While the people of Turlock have been engaged in a pitched and feverish frenzy about the fate of the downtown farmers market, another battle has gone mostly unnoticed. A decision has been made that will be changing the character of our beloved Main Street.
It appears that several small shops on the 200 block of W. Main have been given their 30-day notice by their landlord, Matt Swanson, and are being asked to vacate locations that some of them have held for decades. In just a couple of weeks, Turlock’s downtown will lose a 62-year old flower shop, a promising local artisan jeweler, a clock and watch shop, a shoe repair store (that based on its sign has probably been around longer than I have been alive), and a barber shop with enough character that it should certainly qualify as a local monument! These types of shops were the very reason that the movie "Christian Mingle," another Matt Swanson project, made the trek to Turlock for its recent filming.
This is very distressing, as a three-year plan of a wealthy Christian individual should include putting himself at risk, by informing his tenants well in advance, so that they can plan accordingly. Even if it hurts the income from that property, it could mean the survival of those businesses, by allowing them to find new locations.
As a proud free market capitalist, I do not think that we should be enacting measures to stop property owners from doing what they want with their own building. This action is troubling simply because capitalism is only helpful if combined with a higher moral code, one that places others above ourselves. Without the ability to elevate the needs of our neighbor, especially when we are in a position of strength, it leads to the business decisions that strip-mine mountains, pollute rivers and remove the irreplaceable decades old patina of a charming downtown, all to further personal goals, without the consideration for the businesses, and the livelihoods that depend on them.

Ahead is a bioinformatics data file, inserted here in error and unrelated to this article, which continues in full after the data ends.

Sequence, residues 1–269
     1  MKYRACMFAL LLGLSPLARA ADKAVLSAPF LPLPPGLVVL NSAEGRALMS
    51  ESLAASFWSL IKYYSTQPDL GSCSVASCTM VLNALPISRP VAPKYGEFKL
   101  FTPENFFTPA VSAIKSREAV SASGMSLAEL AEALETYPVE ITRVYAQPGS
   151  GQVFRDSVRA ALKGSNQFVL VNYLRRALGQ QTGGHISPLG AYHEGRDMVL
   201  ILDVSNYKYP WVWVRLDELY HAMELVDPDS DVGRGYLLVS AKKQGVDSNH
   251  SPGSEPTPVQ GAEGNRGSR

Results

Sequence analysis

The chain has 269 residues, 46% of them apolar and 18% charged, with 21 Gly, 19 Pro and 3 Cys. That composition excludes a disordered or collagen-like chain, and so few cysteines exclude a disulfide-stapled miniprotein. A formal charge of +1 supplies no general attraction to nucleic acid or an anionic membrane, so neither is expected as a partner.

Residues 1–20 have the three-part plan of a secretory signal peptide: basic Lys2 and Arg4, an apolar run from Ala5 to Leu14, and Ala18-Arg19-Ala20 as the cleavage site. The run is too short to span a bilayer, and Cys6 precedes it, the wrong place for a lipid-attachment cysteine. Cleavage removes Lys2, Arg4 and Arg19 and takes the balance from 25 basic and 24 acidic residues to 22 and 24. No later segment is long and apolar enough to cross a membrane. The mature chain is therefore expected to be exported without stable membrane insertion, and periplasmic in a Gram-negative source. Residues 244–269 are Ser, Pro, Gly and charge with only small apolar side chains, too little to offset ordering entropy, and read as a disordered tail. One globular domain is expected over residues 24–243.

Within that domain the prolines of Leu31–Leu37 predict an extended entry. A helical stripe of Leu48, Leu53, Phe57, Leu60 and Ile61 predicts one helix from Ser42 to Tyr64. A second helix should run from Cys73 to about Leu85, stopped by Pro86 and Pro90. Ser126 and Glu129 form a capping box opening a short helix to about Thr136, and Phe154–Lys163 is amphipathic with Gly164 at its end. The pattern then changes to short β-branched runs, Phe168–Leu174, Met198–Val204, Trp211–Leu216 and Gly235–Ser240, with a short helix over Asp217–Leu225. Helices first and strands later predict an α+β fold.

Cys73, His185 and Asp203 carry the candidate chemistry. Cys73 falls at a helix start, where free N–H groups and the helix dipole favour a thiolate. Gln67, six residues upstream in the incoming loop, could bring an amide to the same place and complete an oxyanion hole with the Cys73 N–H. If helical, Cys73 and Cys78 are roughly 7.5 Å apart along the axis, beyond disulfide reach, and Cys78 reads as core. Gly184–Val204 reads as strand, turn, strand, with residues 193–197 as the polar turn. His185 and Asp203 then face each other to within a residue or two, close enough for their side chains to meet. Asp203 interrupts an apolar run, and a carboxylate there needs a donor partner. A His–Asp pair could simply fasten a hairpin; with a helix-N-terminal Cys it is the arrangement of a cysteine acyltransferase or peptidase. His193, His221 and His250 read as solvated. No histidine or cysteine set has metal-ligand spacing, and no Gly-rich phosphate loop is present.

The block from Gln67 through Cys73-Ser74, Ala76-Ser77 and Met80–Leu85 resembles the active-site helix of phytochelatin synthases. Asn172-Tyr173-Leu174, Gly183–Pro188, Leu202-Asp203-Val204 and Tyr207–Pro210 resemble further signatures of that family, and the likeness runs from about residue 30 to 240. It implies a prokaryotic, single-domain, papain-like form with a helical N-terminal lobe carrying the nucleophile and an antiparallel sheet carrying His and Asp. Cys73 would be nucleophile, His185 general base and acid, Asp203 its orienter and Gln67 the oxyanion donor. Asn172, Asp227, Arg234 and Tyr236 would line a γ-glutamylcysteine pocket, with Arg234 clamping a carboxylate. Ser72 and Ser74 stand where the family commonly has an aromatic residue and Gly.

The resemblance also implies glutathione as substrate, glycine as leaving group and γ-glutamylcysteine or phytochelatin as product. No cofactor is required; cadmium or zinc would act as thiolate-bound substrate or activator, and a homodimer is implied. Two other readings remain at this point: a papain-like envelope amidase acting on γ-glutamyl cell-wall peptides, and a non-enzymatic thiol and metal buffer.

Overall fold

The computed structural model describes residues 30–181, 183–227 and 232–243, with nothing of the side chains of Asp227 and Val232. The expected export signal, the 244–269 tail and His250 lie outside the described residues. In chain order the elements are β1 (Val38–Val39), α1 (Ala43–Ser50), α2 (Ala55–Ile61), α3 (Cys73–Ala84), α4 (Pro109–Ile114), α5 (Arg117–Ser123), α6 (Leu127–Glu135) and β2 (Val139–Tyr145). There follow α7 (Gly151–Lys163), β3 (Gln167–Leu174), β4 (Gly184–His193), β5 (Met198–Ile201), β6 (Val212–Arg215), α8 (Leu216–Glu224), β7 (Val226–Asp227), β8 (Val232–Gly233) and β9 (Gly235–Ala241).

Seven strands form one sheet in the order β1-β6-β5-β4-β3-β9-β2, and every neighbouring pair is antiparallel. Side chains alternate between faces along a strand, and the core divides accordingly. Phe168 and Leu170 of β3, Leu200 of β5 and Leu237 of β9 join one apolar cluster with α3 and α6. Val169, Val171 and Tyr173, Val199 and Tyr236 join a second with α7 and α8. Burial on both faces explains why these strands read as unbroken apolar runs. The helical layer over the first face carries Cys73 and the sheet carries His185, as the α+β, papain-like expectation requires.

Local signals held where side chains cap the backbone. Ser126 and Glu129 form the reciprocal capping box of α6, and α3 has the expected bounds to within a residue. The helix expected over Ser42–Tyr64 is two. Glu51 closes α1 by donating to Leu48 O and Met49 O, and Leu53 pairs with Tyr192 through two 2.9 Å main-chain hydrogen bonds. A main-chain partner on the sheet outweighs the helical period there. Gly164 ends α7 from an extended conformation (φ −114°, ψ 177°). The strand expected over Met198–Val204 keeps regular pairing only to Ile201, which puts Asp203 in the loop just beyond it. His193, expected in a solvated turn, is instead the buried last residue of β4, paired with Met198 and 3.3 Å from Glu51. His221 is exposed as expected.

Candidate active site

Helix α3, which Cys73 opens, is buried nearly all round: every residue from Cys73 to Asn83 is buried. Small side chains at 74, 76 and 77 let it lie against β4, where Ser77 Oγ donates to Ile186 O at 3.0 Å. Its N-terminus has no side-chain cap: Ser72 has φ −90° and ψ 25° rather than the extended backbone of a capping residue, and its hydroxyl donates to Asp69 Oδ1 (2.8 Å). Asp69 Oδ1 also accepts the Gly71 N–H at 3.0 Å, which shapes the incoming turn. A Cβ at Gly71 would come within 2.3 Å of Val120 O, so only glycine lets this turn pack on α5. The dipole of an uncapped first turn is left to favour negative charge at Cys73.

You can simply look at West Main to see that Matt Swanson obviously cares about this community, and has done much for the revitalization of downtown. For that investment we should be very grateful. He is certainly no Henry F. Potter; but it is the actions towards those weaker and more vulnerable than ourselves that determine the measure of a man, and decisions like these certainly do cast an uncomfortable shadow over our town.
The charm of a downtown was not created overnight, and the small shops that have served our parents and grandparents are a significant part of that allure, especially when they are side by side with new and flourishing businesses. My wish is that they be allowed to stay, but if they are made to leave, they should be given the time needed to find new homes, as is deserving of their significant time serving downtown Turlock.
A Saddened Turlock Resident,